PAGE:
Recent high profile cyberattacks have highlighted the importance of having strong standards and features built into infrastructure monitoring and management tools. Microsoft System Center Operations Manager (SCOM) offers world class monitoring capabilities and includes powerful built-in security features.
Our increased focus on customers security concerns have led us to include enhancements to many security related features in recent SCOM update rollups. We know that organizations have strict controls and best practices and we want to ensure that our customers have the right tools to prevent attacks and gain peace of mind. Here are some of SCOM’s security offerings.
A new addition to SCOM 2019 was increasing out of the box security configuration through support for group managed service accounts (gMSA).Group Managed Service Accounts (gMSA) has been a very popular capability because it alleviates the need for password management – now all accounts used in SCOM can be gMSA. A detailed guide on how to configure gMSA accounts in lieu of your existing SCOM accounts is provided here.
Another important best practice is to disable interactive and remote interactive sessions for service accounts. SCOM 2019 supports hardening of service accounts and does not require granting the “Allow log on locally” user right for several accounts. The default configuration on SCOM 2019 Management Servers, Gateways, and Agents, is that service accounts and RunAs accounts will now leverage the “Log on as a Service” user right, and no longer require the “Log on locally” user right.
An additional security feature in SCOM is that Run As account credentials can also be distributed to computers that you specify, see details here . Automatically distributing Run As account according to discovery could introduce a security risk, which is why customers can opt for a more secure option of manually selecting the computers to which the credentials will be distributed .
Authentication in Operations Manager
SCOM implements a default set of authentication protocols, including Kerberos, NTLM, Transport Layer Security/Secure Sockets Layer (TLS/SSL) as part of an extensible architecture. In addition, some protocols are combined into authentication packages such as Negotiate and the Credential Security Support Provider. These protocols and packages enable authentication of users, computers, and that in turn ensures access to resources in a secure manner.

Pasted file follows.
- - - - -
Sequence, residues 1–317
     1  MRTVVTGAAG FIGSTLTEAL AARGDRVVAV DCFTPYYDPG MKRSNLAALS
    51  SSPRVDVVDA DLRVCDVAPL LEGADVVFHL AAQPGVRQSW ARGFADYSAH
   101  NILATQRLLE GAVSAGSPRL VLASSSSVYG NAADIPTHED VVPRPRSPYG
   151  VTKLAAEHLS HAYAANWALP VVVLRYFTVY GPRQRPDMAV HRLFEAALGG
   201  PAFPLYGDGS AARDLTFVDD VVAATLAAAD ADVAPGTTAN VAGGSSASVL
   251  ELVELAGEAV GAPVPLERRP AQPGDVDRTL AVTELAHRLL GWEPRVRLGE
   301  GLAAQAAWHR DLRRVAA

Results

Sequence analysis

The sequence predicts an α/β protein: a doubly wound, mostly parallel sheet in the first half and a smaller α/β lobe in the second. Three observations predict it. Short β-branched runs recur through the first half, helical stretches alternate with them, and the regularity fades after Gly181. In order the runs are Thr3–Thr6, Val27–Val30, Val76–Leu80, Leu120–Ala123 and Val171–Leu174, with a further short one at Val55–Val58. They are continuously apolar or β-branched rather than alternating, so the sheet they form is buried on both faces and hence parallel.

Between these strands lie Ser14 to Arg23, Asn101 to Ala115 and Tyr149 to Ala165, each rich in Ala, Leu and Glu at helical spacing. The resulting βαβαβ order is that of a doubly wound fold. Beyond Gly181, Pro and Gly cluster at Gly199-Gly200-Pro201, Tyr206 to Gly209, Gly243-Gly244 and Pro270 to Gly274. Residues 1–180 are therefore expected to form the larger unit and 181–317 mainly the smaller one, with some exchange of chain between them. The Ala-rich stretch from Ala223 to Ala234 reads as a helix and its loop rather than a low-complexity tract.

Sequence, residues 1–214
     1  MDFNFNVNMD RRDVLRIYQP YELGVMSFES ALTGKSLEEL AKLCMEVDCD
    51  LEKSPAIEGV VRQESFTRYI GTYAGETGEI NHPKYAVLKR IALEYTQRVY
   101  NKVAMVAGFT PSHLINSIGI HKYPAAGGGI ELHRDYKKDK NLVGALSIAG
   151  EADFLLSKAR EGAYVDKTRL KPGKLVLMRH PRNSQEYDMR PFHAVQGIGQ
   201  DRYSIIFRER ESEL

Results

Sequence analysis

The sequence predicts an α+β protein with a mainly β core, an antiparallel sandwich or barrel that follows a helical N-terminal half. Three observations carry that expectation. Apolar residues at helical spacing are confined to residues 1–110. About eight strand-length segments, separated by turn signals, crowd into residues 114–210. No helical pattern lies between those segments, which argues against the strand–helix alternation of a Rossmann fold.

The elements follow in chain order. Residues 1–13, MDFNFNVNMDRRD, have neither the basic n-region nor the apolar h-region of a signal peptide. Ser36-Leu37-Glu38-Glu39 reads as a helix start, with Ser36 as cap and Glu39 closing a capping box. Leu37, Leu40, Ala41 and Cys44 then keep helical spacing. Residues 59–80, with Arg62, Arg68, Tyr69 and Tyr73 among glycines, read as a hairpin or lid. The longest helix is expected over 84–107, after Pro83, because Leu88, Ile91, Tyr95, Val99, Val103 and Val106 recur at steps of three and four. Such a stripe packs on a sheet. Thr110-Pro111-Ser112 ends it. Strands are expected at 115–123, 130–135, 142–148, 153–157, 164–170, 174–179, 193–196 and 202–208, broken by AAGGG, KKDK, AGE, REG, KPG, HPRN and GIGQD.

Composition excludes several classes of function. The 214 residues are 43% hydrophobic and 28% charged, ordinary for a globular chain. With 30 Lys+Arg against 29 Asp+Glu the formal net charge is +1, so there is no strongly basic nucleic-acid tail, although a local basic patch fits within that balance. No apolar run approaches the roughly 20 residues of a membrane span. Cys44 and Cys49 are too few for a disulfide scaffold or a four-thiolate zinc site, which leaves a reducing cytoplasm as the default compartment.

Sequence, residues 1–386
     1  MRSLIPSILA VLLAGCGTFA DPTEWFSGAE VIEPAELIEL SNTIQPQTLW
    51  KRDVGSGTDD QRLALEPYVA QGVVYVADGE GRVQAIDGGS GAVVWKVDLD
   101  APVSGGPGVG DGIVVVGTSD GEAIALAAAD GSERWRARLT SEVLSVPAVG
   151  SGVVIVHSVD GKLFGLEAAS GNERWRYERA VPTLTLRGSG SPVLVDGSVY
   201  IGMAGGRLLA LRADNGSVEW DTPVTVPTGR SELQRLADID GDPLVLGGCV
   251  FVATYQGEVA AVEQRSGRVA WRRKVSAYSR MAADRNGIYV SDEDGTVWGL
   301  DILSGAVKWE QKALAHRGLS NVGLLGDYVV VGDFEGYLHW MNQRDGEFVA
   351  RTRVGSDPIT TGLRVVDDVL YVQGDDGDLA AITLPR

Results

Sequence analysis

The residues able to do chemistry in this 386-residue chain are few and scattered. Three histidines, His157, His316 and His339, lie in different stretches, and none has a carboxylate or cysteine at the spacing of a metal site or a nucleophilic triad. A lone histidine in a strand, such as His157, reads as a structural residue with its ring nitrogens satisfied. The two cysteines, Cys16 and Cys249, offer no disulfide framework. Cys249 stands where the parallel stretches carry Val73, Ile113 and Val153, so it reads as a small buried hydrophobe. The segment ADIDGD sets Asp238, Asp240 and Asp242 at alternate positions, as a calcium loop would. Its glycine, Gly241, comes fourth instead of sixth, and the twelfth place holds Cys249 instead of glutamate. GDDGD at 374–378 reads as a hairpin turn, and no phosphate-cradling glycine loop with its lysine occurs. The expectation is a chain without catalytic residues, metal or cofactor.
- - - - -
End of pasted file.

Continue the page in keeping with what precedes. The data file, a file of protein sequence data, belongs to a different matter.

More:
SCOM also mandates a least privileged model for its security account matrix. The least privileged model is a best practice in IT security and the concept is that any user, service, or process should have only the bare minimum privileges necessary to execute the required task. Mandating this principle reduces the risk of attackers gaining access to sensitive data by compromising low level user accounts or devices.
Auditing in Operations Manager
We recently introduced Management pack change tracking, a feature that allows enhanced audit tracking capabilities in SCOM. Management Packs are essentially the arteries of SCOM that help the core of SCOM function well. They include monitoring configurations and data collection parameters tailored for specific applications and services. Management packs are released by both Microsoft and third-party vendors for a range of tools and applications that need to be monitored in the customer’s landscape.
SCOM allows to be defined giving access rights to perform actions on the monitored objects. These roles can be defined to determine who can potentially change monitoring settings for applications and services through Management Packs. A profile is defined on a group of users which impose Role-based security and limit privileges that users have for various aspects of Operations Manager. The change tracking feature allows the administrators to do an easy root cause analysis as and when required to keep track of what changes are being done by which user and when.
Security is built-into SCOM
To help customers deploy the latest security protocols, we enable Transport Layer Security (TLS) protocol version 1.2 for System Center Operations Manager management groups. In support of our commitment to use best-in-class encryption, SCOM’s engineering team is continually upgrading our cryptographic infrastructure. Customers can configure the Web console and Reporting server to use Secure Sockets Layer (SSL) connections to ensure that both incoming requests and outbound responses are encrypted prior to transmission.
System Center Operations Manager provides layers of protection built into the product to safeguard against security breaches. SCOM follows Microsoft’s Software Development Lifecycle(SDL) policy , which considers security and privacy throughout all phases of the development process. The SCOM team uses Microsoft approved SDL tools like BinSkim, CredScan, Codesign Validation, and Anti malware to perform security checks for each line of code they produce. In addition to these tools and to add further protection, our code is also encrypted with Secure Hash Algorithm 2 (SHA-2).
We are very proud to offer a product like System Center Operations Manager, one that continues to support evolving industry security needs and strives to keep our customers safe and productive.